• Sertraline/Zoloft® also “selectively” blocks serotonin uptake. It is less sedating than related formulations, and can help those struggling with sleepiness. It is also good for those who may be eating too much, sometimes a symptom of dementia. On the flip side, it can be too energizing for some, leading to insomnia, irritability, stomach upset and decreased appetite.
  • Mirtazapine/Remeron® works mainly on the serotonin and norepinephrine receptors. It is particularly good for patients suffering from anxiety, poor appetite and insomnia. It may cause more walking problems than SSRIs. However, if the patient is no longer walking, this is not an issue. Occasionally, this medicine may affect liver enzymes.
  • Venlafaxine/Effexor® improves mood by blocking the “reuptake” of both serotonin and norepinephrine (NSRI). It may help patients for whom an SSRI was not enough, and it can be more energizing than other drugs. However, it can cause hypertension and cardiac problems. So it should only be prescribed in consultation with a trained geriatrician or geriatric psychiatrist. This drug may cause more sedation and irritability. There is also a risk of withdrawal syndrome if the drug is discontinued.
  • Duloxetine/Cymbalta® is another NSRI. Some reports indicate it may help with pain, but empirically it has been disappointing in this respect. However, it may cause several side effects: sedation, headache dizziness, insomnia, nausea, constipation, among others. It can be complicated to use, because of side effects and withdrawal issues. Make sure the prescription comes from a board-certified geriatrician or geriatric psychiatrist.
  • Buproprion/Wellbutrin® is another NSRI. It may help those who are eating too much, or feeling more lethargic or apathetic. This drug may energize patients, reduce appetite and cause insomnia. It should not be used in those at risk for seizures.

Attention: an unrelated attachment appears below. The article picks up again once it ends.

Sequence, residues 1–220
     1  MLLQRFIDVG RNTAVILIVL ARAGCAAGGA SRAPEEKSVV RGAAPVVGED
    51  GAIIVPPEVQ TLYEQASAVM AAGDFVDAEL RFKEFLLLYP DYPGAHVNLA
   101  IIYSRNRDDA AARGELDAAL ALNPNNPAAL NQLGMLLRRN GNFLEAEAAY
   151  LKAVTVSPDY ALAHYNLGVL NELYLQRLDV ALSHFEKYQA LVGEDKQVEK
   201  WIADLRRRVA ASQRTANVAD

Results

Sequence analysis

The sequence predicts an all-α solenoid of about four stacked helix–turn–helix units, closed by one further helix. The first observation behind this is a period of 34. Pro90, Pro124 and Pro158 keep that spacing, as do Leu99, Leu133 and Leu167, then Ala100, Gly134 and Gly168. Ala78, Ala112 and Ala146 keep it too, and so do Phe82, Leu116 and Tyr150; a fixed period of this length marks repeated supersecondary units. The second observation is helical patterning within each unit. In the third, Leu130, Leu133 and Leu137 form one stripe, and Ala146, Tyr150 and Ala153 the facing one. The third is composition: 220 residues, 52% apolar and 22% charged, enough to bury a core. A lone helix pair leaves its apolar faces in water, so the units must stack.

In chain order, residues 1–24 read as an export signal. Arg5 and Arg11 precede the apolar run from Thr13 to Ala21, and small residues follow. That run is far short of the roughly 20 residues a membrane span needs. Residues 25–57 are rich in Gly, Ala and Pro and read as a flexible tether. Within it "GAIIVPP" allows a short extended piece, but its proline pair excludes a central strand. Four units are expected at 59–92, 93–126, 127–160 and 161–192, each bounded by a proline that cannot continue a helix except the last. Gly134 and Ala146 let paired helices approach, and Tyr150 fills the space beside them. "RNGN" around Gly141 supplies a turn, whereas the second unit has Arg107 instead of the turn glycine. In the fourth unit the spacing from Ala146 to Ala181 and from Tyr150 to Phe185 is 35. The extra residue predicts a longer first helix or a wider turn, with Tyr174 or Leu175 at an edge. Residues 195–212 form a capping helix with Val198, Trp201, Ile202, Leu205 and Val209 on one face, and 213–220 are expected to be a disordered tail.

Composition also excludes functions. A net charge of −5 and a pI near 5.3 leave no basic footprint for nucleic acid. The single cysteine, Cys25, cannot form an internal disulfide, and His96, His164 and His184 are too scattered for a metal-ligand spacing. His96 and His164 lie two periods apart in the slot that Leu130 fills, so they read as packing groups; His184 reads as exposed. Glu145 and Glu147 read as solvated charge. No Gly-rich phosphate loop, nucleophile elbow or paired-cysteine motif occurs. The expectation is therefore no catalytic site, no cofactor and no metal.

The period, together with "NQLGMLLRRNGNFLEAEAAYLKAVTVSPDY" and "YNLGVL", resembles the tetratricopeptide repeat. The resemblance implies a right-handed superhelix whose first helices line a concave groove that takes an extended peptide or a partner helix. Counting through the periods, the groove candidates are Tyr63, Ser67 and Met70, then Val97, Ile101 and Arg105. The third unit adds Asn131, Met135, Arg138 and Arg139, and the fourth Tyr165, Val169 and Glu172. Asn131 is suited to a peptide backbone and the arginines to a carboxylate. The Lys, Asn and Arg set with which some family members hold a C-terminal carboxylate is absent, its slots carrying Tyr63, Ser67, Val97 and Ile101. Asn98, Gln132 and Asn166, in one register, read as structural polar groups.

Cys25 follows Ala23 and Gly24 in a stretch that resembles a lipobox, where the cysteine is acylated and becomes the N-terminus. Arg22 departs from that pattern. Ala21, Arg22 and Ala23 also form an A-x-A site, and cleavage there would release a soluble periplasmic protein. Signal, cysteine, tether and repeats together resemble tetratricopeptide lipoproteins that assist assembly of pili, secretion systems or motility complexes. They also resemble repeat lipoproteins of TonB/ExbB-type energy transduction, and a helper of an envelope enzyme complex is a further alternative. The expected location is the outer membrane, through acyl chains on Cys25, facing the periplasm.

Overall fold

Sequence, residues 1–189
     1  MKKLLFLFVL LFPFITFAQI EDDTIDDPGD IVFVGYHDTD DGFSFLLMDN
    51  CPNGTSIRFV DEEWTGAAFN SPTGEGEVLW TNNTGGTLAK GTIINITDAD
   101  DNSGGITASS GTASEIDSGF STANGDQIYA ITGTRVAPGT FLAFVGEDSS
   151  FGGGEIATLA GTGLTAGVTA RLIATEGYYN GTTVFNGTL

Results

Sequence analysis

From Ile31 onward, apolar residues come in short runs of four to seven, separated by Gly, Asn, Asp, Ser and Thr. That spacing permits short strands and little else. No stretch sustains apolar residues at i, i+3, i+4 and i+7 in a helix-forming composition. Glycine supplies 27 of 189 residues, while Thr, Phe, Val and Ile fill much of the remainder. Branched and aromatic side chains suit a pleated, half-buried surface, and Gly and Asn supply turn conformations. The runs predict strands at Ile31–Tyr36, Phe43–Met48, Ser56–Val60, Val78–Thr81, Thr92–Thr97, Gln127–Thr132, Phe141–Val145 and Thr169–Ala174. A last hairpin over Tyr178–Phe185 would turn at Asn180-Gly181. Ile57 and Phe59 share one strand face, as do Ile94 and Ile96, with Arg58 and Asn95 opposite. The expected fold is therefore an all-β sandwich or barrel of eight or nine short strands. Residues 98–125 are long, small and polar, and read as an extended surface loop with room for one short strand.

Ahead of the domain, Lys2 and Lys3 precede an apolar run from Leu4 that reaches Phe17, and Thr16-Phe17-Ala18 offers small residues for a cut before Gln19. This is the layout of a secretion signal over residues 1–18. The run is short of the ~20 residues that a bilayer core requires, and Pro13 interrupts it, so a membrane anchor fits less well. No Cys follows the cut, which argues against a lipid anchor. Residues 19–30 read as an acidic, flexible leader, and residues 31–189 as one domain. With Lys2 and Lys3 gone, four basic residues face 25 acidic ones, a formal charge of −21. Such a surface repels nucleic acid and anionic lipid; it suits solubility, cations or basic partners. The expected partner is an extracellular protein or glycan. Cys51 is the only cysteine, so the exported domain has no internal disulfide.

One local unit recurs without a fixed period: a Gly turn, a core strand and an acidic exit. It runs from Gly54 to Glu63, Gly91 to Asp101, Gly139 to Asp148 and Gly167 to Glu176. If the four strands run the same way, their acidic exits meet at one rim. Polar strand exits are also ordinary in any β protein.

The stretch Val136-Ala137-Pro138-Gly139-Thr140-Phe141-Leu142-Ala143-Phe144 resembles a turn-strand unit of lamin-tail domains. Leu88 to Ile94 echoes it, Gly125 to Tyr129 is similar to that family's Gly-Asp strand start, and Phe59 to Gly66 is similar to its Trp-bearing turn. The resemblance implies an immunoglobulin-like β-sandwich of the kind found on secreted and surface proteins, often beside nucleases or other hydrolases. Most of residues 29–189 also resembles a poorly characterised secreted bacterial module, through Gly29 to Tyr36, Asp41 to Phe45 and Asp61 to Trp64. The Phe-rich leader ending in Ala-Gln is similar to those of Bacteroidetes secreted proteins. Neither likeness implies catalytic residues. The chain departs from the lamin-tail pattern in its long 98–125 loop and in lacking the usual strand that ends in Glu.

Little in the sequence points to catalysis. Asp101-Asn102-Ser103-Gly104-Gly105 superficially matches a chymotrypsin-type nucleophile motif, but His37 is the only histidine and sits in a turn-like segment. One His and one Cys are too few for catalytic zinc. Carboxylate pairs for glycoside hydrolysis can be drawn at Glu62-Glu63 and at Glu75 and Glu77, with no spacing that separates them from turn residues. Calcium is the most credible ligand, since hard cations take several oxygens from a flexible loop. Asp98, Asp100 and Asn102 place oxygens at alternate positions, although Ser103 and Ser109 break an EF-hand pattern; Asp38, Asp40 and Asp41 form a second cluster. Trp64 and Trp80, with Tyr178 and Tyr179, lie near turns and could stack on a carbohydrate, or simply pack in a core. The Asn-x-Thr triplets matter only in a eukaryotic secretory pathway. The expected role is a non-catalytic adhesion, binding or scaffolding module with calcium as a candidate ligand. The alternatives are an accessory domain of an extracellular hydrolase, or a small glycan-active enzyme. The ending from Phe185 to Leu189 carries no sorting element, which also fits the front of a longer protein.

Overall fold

Additional Information on Medications:

Some Drugs Make Dementia Worse | Treating Dementia’s Behavioral Symptoms | Guidelines for Treatment | Anti-Psychotics (Neuroleptics) | Antidepressants | Mood-Stabilizing Medications

DISCLAIMERS This information is intended to start a dialog of the effects of medications for those with dementia.

There is more information on medications on our Helpful Links page.

However, it is not a complete list of side effects, or interactions. This is intended to be used independently with the directions of a physician who knows the person well.

Dr Liz Geriatrics cannot be responsible for any outcomes of these medications that have not been evaluated by myself or one of my clinicians.

We present this summary to give practitioners and the public some information about medications that have been important in the care of our patients. In this challenging area of medical care, we hope that it is of use.

IMPORTANT! This information is meant to be used only for general information, in accordance with current medical information and the practice experience of this geriatrician and should never be used alone, outside of the medical advice of one’s personal physician.